In total I analysed 3148 claims. Figure 1 presents an overview of the way in which the EU and its policies were discussed in the Dutch-mediated debate on the EP elections. Despite some differences between the three mediated debates, it becomes clear that supportive claims are least prominent. Instead, criticism of and opposition to the EU has become widespread, whether essentially supportive or fundamentally Eurosceptic; because, while representing “pro-system opposition” (FitzGibbon, 2013), Euroalternative claims are still a form of criticism on the EU.
Figure 1: Distribution of claims*
* In solid fill the percentages of claims that concern the EU polity. In pattern fill the percentages of claims that concern EU policy.
As such, Figure 1 suggests that Euroscepticism has indeed become mainstream; that it is at the centre of the debates in the Dutch public sphere. Yet, it comes in different guises, namely, Euroalternative, soft Eurosceptic and hard Eurosceptic claims. Building on this, the second part of the analysis calls for an even more nuanced assessment and puts forward three key points.
First, during the three EP elections, Euroscepticism in its various guises was specifically mainstreamed in a debate that concerned the pros and cons of integration, with limited attention for policies. This illustrates that there is an interplay between pro-con narratives, as suggested by McMahon and Kaiser (2022).
Second, what is being mainstreamed still amounts to a vague notion of Euroscepticism. As such, we may ask what Euroscepticism was being mainstreamed? For instance, in an article in De Volkskrant on 5 June 2009, the ongoing campaign was said to be “governed by Euroscepticism”, while it simultaneously referred to a “Eurocritical wave” and the “anti-European camp”.
Third, at the same time, the place of Eurosceptics in the debate gradually changes, turning them from outsiders into insiders. Eurosceptics’ existence is no longer merely observed and noted, but they are increasingly treated as equal and legitimate actors in the EU debate. Brexit may have mattered here, as the hard edges of Euroscepticism have at least partly withered away (cf. de Vries, 2018).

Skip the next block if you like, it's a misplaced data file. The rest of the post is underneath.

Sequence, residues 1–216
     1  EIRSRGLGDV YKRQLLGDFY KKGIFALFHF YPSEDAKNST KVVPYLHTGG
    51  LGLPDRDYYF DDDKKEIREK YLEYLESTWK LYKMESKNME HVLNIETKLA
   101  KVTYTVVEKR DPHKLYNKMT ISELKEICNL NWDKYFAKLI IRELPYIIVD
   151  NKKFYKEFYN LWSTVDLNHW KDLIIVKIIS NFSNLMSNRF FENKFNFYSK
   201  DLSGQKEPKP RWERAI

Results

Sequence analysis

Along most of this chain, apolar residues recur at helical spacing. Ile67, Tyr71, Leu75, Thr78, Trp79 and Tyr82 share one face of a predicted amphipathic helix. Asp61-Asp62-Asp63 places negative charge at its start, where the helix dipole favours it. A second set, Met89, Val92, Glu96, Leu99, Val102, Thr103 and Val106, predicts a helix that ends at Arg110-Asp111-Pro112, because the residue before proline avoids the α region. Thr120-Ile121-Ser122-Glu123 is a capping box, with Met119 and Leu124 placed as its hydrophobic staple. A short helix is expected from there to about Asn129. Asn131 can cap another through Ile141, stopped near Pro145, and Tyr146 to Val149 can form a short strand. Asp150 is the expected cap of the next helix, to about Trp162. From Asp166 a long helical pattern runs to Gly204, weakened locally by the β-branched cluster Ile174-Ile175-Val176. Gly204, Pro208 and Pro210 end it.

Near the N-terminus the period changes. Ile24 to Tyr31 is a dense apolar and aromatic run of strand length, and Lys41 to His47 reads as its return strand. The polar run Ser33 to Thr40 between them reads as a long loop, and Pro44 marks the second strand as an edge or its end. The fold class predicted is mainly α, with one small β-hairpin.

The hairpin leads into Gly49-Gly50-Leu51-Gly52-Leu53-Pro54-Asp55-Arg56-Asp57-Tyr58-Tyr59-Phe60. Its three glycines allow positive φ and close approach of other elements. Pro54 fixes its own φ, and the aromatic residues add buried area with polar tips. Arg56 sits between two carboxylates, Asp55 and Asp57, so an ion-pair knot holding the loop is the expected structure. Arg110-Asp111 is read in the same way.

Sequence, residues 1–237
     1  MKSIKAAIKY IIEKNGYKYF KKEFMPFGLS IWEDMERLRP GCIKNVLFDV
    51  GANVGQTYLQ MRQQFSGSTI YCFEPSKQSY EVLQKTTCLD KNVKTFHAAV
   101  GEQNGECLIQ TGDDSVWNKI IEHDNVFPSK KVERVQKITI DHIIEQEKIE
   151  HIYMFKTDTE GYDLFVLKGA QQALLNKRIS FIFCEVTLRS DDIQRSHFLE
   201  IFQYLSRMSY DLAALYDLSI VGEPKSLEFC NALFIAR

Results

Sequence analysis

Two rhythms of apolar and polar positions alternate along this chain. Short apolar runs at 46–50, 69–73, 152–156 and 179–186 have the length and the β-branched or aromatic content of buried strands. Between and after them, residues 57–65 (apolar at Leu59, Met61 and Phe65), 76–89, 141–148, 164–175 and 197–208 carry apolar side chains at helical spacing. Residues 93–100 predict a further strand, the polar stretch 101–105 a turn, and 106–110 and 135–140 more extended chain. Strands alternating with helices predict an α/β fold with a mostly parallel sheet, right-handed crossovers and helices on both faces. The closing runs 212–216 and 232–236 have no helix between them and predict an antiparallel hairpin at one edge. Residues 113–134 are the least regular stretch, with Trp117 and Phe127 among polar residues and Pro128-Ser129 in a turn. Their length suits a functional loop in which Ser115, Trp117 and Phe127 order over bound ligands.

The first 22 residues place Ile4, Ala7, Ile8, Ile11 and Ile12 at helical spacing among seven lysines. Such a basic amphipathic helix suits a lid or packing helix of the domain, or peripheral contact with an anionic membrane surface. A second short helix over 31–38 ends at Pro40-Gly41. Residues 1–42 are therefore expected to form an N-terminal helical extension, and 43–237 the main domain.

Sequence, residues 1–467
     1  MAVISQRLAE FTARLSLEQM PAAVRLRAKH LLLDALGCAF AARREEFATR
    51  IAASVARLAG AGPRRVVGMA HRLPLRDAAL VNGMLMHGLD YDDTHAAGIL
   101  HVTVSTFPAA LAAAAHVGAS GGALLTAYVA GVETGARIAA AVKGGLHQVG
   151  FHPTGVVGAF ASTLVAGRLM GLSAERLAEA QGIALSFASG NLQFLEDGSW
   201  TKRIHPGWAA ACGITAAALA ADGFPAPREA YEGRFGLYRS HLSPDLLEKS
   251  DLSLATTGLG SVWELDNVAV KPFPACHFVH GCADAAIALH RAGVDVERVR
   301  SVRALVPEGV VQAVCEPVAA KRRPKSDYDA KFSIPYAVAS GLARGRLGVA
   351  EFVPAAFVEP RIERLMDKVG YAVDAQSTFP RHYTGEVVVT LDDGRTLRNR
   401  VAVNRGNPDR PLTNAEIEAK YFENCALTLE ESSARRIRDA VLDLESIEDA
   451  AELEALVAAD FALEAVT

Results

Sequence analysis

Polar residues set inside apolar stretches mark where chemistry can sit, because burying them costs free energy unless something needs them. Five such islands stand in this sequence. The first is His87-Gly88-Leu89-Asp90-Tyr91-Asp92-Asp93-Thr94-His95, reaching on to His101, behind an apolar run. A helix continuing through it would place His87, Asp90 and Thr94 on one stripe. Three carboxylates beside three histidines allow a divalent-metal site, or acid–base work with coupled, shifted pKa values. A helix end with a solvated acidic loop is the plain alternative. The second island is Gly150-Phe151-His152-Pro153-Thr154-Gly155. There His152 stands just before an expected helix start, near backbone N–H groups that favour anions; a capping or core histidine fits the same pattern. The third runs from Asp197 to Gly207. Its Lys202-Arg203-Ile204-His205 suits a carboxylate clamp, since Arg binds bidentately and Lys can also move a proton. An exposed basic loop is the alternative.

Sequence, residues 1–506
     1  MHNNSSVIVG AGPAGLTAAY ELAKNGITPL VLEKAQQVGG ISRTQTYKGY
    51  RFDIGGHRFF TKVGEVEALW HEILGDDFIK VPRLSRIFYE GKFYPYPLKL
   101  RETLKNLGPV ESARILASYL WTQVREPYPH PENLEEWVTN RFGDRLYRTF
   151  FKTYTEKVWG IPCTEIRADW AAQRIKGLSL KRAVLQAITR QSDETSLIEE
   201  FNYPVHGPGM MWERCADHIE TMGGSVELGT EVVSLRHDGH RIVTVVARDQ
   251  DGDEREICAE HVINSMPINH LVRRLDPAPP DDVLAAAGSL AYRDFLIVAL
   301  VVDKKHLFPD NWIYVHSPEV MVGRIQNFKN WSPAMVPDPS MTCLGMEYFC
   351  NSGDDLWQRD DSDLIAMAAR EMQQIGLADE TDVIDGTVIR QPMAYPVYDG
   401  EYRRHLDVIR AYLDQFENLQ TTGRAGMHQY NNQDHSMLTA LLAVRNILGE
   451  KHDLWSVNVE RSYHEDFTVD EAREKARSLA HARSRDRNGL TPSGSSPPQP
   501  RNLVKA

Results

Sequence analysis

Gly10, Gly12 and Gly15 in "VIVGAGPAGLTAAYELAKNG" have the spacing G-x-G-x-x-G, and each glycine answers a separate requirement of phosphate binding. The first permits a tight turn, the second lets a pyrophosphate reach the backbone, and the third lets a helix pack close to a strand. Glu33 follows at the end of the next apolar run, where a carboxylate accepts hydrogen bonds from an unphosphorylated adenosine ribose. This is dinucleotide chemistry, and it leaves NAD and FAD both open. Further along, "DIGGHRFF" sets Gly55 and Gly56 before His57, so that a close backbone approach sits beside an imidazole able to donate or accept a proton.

In essence then, my article illustrates that the statement that Euroscepticism has become mainstream is partly a simplification of a development in which criticism of and opposition to the EU are prone to change. Even focussing on EP elections alone creates problems, as they skew debates toward issues of integration – in some of my other work, I find that day-to-day EU debates focus on policies and policy alternatives. It is therefore important that we continue to treat the term ‘Euroscepticism’ with caution. In fact, perhaps we need to even go one step further and, paraphrasing Ophir (2018), ought to ask ourselves ‘what kind of concept is Euroscepticism?’. In other words, shouldn’t researchers in the field of Euroscepticism consider re-launching the conceptual debate? Obviously, this is not an easy challenge. Yet, it exactly this conceptual puzzle that I am currently exploring with my colleague Luca Mancin and we are looking forward to sharing our thoughts at a conference near you soon!
Patrick Bijsmans is Associate Professor in Teaching and Learning European Studies and Associate Dean for Education at Maastricht University’s Faculty of Arts and Social Sciences. His research focusses on media and Euroscepticism, as well as curriculum development and learning in the international classroom. Find more about Patrick’s work on Twitter and his personal website.